February 8, 2014
Kristina Guild Douglass (Anthropology) spent 10 years of her childhood in Madagascar, and now does her dissertation fieldwork there. Set in the Indian Ocean off the coast of Southeast Africa, Madagascar is the fourth-largest island in the world. <p> It split from India around 88 million years... Read more
February 7, 2014
Yale News “Take 5” recently featured an interview with Professor Kate Dudley.  Professor Dudley discusses her most recent research, teaching experiences, and other interests.  She is a full professor and holds a joint appointment in Anthropology and American Studies.  The full transcript can be... Read more
February 7, 2014
The Society for Medical Anthropology recently awarded Professor Marcia Inhornwith their 2013 Graduate Student Mentor Award in recognition for her long standing commitment to graduate education, training, and guidance.  The award is made in response to nominations and letters from former students. ... Read more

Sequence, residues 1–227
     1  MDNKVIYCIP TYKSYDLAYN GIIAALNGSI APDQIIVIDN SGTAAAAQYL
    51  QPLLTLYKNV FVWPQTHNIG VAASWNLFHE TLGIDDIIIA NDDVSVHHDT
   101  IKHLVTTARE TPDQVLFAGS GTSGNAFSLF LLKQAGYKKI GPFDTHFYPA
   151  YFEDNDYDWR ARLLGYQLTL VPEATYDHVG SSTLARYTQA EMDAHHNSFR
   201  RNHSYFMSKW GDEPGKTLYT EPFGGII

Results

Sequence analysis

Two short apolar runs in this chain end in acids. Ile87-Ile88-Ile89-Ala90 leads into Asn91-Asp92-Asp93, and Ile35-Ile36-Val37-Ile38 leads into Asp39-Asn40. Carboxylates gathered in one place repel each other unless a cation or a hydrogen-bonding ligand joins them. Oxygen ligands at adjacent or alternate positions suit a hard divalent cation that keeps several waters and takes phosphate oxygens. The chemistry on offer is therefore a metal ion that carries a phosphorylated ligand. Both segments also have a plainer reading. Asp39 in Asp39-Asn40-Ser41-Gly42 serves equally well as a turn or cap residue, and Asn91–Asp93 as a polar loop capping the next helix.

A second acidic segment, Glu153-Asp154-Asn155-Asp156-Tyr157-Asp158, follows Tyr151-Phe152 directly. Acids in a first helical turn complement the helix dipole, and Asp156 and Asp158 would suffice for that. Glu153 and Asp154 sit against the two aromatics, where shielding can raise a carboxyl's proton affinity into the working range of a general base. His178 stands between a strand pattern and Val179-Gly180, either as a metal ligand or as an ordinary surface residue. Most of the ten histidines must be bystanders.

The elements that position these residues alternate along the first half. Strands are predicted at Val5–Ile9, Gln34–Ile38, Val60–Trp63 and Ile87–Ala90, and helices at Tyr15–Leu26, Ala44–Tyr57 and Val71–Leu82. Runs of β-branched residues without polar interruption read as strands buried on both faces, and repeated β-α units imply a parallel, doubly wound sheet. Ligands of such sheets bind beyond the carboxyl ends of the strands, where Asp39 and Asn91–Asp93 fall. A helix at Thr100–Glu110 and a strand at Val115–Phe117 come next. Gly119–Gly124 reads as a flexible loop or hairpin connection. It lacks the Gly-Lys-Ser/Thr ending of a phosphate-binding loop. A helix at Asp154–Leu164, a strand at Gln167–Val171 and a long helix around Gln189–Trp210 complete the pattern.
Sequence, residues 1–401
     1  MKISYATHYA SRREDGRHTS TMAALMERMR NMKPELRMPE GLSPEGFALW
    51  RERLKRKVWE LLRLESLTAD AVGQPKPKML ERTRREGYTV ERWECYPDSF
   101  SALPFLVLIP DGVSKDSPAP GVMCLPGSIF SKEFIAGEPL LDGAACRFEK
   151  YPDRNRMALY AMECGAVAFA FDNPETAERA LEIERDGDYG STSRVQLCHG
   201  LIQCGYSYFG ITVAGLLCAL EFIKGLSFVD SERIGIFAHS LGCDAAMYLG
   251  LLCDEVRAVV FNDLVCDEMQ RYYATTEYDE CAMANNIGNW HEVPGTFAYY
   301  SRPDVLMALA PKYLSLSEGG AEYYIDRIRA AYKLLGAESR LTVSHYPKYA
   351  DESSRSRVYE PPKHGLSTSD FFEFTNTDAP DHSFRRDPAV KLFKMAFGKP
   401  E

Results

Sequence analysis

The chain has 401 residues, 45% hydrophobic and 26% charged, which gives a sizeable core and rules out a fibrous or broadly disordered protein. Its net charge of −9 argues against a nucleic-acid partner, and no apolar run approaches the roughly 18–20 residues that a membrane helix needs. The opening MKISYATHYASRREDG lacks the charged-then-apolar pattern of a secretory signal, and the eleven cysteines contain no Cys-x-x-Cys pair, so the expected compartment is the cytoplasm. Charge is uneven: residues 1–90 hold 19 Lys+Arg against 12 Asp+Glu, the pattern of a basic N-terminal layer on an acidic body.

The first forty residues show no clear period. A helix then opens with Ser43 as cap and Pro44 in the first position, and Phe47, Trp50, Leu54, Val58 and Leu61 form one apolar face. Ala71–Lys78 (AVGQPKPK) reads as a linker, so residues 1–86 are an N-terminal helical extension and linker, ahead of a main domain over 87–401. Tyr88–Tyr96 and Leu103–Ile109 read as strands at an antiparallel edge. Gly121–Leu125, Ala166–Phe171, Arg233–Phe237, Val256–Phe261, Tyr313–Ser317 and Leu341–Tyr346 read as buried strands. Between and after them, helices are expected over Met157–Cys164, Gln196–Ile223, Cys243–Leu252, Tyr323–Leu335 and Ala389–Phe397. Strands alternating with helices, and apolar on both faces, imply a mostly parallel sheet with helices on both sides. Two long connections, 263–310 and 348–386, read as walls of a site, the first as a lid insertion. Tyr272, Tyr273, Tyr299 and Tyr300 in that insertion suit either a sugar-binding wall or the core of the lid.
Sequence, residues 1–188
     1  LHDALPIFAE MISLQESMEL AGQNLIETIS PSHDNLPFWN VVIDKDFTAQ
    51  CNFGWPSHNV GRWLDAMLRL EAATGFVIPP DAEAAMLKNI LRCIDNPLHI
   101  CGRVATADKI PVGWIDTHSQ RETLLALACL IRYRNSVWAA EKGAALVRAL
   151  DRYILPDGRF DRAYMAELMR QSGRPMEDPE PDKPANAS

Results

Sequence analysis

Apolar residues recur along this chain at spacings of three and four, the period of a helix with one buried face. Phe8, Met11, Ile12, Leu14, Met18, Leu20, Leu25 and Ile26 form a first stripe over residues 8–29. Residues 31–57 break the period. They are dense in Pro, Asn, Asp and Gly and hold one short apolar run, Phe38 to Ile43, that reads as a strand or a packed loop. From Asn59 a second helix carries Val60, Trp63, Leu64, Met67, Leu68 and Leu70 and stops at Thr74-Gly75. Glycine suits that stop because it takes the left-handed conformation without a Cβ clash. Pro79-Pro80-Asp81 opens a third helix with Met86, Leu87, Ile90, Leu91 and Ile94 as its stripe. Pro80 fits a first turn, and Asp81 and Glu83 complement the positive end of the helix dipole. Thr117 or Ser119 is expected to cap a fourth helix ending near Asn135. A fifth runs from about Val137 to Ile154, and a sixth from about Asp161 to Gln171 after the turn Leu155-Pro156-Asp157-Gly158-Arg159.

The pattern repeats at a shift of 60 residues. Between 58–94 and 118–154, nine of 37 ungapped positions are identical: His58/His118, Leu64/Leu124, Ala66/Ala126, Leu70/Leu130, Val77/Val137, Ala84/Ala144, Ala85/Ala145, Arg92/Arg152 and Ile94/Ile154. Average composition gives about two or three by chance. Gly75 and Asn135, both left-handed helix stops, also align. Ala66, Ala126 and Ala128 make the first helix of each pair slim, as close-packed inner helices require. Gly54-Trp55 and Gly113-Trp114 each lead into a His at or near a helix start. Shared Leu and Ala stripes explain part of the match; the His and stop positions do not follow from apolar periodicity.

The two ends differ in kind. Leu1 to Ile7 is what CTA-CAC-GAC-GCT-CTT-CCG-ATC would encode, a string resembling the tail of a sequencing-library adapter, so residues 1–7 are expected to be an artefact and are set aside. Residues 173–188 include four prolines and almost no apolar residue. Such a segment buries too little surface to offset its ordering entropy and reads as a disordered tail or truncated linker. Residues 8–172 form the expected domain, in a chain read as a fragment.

January 28, 2014
PNAS abstract Humans and other primates are distinct among placental mammals in having exceptionally slow rates of growth, reproduction, and aging. Primates’ slow life history schedules are generally thought to reflect an evolved strategy of allocating energy away from growth and reproduction and... Read more
January 10, 2014
PHOENIX, Dec. 23 (UPI) – A mathematical model of the foraging behavior of animals from sharks to honey bees can describe human hunter-gatherer movement as well, U.S. scientists say. <p> The mathematical pattern of movement called a Levy walk that appears to be ubiquitous in animals has... Read more
January 10, 2014
Brenda Bradley and collaborators recently reported genetic variation in association with behavioral styles among chimpanzees.  The first author, Dr. Stephanie Anestis, is a Yale Anthro Ph.D. and post-doc alum.  Other Yale Anthro affiliated authors include Ph.D. candidate Timothy Webster, former... Read more
Andrea Baden Post Doc, Yale Molecular Anthropology Lab
August 6, 2013
Some lemur mothers, like their human counterparts, share child-rearing responsibilities and tend to fare better than lemur moms that go it alone, Yale University researchers have found.